indological departments in Germany, located some 170 km from Berlin. The
professor there is well-known among indologists over the world. When the
lady at the embassy first phoned the professor, she did a presentation of
K.G. Subraya Sharma and said that he was a specialist on the Upanishads,
Bhagavadgita and the Brahma Sutras. Then the professor just laughed, and
declared that such thing is in no way possible since "no one can be a
specialist on such a large amounts of texts!"

Since K.G. Subraya Sharma is my guru I did travel to Germany in order to
meet him, and I also made him company to the university. The professor met
us at the railway station and made a kind and cheerful impression. But it
became more and more obvious that he had problems taking the revered
traditional scholar seriously. Sri Subraya Sharma gave a lecture on the
Bhagavadgita, and during that lecture by way of expression said that there
is such a sweetness in this ancient sanskrit text. This lead the professor
to ask Sri Subraya Sharma over and over again exactly what he meant by
"sweetness", and in what way such a sweetness could be objectively verified
by reading the Gita! Could this sweetness be scientificly proved? After that
the professor continued by asking several questions about the caste-system
propagated by the Gita.

A friend of mine wrote her PhD about nyAya, and had the very same professor
as her supervisor. However, at one moment she contacted and met one
tradtional nyAya scholar who visited England, and she also travelled to
India and studied nyAya with a prominent scholar for several months. After
this, the professor had no interest in his old student anymore, and he broke
the contact with her.

Apparently, according to the German "school" of indology, it is a bad and
harmful thing to actually study Indian and hindu topics from the original
source. If I remember correctly, the well-known indologist prof. H. von
Glasenapp never went to India during his lifetime, in spite of writing
several books and countless articles on India and Indian religion. One of
his students actually travelled to India. This terrified von Glasenapp very
much, and he said that the scientific approach of his student would now be
completely distorted and useless!

>From what I´ve heard the english and american indological tradition is
somewhat different, and getting help from tradtional Indian scholars is
positively looked upon. Traditional scholarship is considered useful instead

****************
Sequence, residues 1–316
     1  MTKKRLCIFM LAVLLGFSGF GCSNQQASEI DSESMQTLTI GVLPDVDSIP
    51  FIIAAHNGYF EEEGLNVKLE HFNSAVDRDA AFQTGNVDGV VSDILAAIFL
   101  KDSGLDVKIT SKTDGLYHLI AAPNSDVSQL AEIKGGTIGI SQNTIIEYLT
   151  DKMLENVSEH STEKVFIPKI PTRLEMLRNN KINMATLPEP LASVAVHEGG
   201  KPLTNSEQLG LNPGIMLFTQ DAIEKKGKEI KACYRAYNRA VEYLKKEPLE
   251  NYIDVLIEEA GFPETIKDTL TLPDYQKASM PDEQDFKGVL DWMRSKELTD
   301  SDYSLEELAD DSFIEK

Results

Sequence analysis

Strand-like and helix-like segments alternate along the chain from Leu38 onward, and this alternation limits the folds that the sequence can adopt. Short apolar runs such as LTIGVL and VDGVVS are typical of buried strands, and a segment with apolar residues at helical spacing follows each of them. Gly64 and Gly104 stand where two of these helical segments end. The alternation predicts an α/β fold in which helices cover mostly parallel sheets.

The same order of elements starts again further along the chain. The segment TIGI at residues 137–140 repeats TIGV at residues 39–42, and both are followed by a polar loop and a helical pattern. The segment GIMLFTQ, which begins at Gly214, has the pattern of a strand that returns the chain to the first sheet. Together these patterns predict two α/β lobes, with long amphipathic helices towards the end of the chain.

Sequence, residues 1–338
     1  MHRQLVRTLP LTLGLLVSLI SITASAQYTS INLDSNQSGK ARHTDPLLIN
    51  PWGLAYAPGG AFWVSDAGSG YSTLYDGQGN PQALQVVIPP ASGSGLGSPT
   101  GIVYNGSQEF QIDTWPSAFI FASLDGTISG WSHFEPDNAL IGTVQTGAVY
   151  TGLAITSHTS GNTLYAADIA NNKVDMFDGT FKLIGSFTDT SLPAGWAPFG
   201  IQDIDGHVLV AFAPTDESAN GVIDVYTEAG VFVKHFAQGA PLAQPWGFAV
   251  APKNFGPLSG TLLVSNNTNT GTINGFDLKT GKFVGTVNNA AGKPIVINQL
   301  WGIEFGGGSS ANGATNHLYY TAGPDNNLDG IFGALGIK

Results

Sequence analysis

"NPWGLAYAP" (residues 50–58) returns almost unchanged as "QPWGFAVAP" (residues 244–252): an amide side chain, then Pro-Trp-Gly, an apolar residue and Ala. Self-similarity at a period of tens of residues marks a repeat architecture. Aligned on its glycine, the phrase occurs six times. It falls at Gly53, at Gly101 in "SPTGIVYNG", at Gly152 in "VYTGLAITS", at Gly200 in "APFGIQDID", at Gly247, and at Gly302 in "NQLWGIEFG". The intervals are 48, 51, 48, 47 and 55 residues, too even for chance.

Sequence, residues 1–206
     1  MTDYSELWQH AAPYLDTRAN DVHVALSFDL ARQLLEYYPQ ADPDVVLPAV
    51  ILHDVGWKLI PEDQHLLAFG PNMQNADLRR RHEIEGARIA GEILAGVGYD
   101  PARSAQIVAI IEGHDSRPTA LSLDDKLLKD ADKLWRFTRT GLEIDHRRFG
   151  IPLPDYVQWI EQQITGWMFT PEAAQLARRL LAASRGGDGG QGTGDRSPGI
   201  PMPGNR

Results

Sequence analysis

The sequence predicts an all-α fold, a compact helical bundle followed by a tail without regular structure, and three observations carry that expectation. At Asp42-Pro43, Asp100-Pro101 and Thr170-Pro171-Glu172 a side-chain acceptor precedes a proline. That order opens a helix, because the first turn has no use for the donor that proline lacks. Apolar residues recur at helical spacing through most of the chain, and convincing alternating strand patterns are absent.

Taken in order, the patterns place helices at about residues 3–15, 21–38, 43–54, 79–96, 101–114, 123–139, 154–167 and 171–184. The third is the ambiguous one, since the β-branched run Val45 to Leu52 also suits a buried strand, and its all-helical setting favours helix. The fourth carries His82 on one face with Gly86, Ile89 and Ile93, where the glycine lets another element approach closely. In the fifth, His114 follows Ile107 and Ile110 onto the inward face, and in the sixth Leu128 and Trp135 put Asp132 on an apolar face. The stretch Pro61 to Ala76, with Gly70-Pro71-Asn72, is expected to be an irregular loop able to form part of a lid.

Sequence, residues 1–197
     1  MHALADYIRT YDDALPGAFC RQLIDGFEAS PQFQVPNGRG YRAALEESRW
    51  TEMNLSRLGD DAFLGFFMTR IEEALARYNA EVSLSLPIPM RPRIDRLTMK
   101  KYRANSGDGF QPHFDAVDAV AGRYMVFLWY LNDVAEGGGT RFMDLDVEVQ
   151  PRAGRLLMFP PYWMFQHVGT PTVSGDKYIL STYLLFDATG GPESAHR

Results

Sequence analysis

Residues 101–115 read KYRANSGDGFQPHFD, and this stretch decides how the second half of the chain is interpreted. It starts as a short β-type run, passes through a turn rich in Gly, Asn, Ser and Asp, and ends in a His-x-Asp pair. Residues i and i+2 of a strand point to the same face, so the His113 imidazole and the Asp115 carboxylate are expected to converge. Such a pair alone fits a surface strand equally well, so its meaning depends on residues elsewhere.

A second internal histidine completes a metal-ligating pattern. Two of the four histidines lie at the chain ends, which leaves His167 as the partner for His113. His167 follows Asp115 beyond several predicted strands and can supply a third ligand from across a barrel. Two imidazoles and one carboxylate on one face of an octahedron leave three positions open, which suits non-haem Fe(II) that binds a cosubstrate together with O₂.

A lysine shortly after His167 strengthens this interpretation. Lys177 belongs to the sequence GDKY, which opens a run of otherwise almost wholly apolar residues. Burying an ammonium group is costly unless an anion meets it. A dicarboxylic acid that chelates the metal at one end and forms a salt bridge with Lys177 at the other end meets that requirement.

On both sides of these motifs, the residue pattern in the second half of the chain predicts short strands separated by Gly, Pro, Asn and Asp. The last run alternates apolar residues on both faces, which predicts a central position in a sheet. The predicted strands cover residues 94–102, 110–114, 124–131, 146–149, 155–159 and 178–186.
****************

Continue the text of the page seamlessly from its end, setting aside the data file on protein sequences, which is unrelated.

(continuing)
of outright "unscientific".

Warmest regards
Stig Lundgren

  ----- Original Message -----
  From: Ramakrishnan Balasubramanian
  To: A discussion group for Advaita Vedanta
  Sent: Monday, September 28, 2009 12:51 PM
  Subject: Re: [Advaita-l] wilhelm halbfass

  However the problem is that his assertion is that Western methods of
  analysis are essentially "superior". His claim regarding critiques such as
  by Said on Orientalism is essentially that Western methods can reveal
  own deficiencies and hence does not matter. While Halbfass doesn't show
  explicit superiority complexes as evidenced in many Indologists, his final
  conclusion (at least to me) seems to be "We are the best, so just shut up
  and listen". I am being a little brutal here for making a point, but
  Halbfass seems to be just a more sophisticated pleading for status quo
  rather than anything else.


  On Sun, Sep 27, 2009 at 5:39 PM, Vidyasankar Sundaresan <
  svidyasankar at hotmail.com> wrote:

  > I first read Halbfass's India and Europe about ten years ago and it was
  > eye-opener regarding European scholarship on India. I have reread the
  > many times since and each reading has been very rewarding in many ways.
  > Wilhem Halbfass's range and depth of scholarship are evident throughout.
  > He also never talks down to his reader nor does he take a patronizing
  > towards the Indian half of his subject matter. Ever since I first read
  > Hacker's articles, my critical antennae would go up for the merest hint
  > special pleading disguised as scholarly comment. I have yet to find any
  > such thing to criticize in Halbfass's book! There are some conclusions
  > analyses that I may disagree with, but even then, only with the highest
  > respect for Halbfass's scholarship.